With an astounding rate of advances in aluminum frame technology, coupled with the option of titanium frames, the modern ultra lightweight wheelchair is designed to utilize as few steel components as possible, resulting in a tremendous weight savings and excellent durability. Titanium frames are lighter than T6061 aluminum frames, but can also be more costly. A frame recently has been introduced that is manufactured from heat-treated 7000 series aluminum combined with an advanced redesign of the rigid frame that features oval tubing and an optimized caster position. The combination of material and design is engineered to create a frame that is lighter than titanium or standard aluminum, possesses equal strength, and offers efficient propulsion.


Have you ever prescribed what you thought would be a 17-pound rigid wheelchair, only to realize the final product was 10 pounds heavier than expected? A common culprit of weight increase is rear tires with solid, airless inserts. Although highly valued for their minimal maintenance, a pair of these tires can add 2 pounds to an ultra lightweight wheelchair. A pair of single-post armrests with desk length pads can add another 5.5 pounds. While certain options may be necessary or desired, you may have to make compromises when determining whether the option or the weight is most important. Some order forms include helpful matrices that allow the overall weight of a specific configuration to be calculated. Research these options to set a realistic expectation for the client.

Codes, quotes, and documentation are key.

One of the most important frame features for pediatric clients is growth. Most wheelchairs offer a one-time replacement frame to accommodate growth.


Today, most manufacturers have designed rigid frame wheelchairs specifically for children. These wheelchairs feature reduced weights available in sizes as small as 8-inch wide by 8-inch deep. One of the most important frame features for pediatric clients is growth. Most pediatric wheelchairs offer a growth kit or a one-time replacement frame to accommodate width growth, while some amount of depth growth is often built in. The options and accessories dilemma addressed earlier is even more critical to consider when working with children. For example, a 175-pound adult in a 27-pound wheelchair is propelling only 15% of body weight, while a 38-pound child in that same wheelchair is propelling 70% of body weight.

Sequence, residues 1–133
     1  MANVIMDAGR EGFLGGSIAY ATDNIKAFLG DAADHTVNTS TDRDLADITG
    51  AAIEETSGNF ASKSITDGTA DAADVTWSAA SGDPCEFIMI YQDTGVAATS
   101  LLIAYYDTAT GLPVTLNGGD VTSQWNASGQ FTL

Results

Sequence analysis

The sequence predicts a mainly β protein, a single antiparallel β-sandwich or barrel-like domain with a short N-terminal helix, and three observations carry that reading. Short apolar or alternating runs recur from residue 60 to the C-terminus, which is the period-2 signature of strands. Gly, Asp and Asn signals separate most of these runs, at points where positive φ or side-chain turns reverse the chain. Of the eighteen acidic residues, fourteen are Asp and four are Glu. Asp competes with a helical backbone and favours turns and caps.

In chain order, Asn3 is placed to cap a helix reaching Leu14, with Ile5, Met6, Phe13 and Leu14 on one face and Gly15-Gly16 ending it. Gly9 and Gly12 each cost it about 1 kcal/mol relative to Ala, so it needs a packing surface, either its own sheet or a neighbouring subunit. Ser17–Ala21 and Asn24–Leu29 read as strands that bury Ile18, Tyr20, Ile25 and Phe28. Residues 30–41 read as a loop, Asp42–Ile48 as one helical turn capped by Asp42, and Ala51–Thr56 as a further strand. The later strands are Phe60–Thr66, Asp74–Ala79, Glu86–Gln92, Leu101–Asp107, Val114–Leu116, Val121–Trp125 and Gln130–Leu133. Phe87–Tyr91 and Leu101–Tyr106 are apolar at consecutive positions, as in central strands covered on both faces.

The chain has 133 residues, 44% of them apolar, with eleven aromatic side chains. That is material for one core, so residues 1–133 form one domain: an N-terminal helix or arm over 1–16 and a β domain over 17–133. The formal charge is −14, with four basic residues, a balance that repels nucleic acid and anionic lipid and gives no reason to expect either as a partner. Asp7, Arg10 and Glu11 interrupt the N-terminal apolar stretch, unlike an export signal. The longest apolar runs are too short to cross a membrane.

Another consideration for pediatric wheelchair users is transit. Talk to manufacturer representatives to better understand whether the product has a transit or tie-down option. As you would with an adult, assess transfer styles and environmental demands for the client and caregivers before prescribing an ultra lightweight wheelchair.


Active adults represent the greatest population of ultra lightweight wheelchair users. Key characteristics they seek include performance, lightweight frames and options, durability, transportability, adjustability, and sleek design. Environmental concerns may include vehicle and transportation considerations, community accessibility, workplace access, and the ability to perform Mobility Related Activities of Daily Living (MRADLs). It is prudent to keep in mind these individuals have the highest incidence of upper extremity pain and are highly susceptible to carpal tunnel syndrome and repetitive strain injuries at the shoulder, elbow, and wrist. Prescribing the correct frame, whether folding or rigid, and properly fitting the frame for clients can help decrease the rate of occurrence.


As we age, joints and muscles glide and stretch less. This effect certainly has an impact on wheelchair propulsion. With an adjustable axle plate, the rear wheels may be set up in the most supportive position to increase propulsion efficiency. Ultra lightweight wheelchairs offer increased seat-to-floor height ranges as well. Configuring a wheelchair with a superlow seat-to-floor height is an important option for a client who may need to foot propel. Many of our geriatric clients have a calendar filled with appointments to various facilities, making the option of transit tie-downs critical. Another important consideration for older adult patients is that some areas of the country will allow wheelchair users to utilize public transportation only if there is a transit system on the wheelchair.

Multiple manufacturers design innovative products within the ultra lightweight wheelchair category. The sheer number of frame options can be intimidating. By applying clinical assessment findings and an understanding of these key considerations, clinicians will be able to maximize the benefits of an ultra lightweight wheelchair and achieve the best possible outcome for the people they serve.

Steve Boucher, OTR/L, Clinical Education Specialist, Sunrise Medical, earned a Bachelor of Science in Occupational Therapy from the University of New England. He practiced as a Level II inpatient clinician at Fairlawn Rehabilitation Hospital and served as a Rehab Manager at Northeast Specialty Hospital. Boucher resides in Worcester, Mass. For more information contact .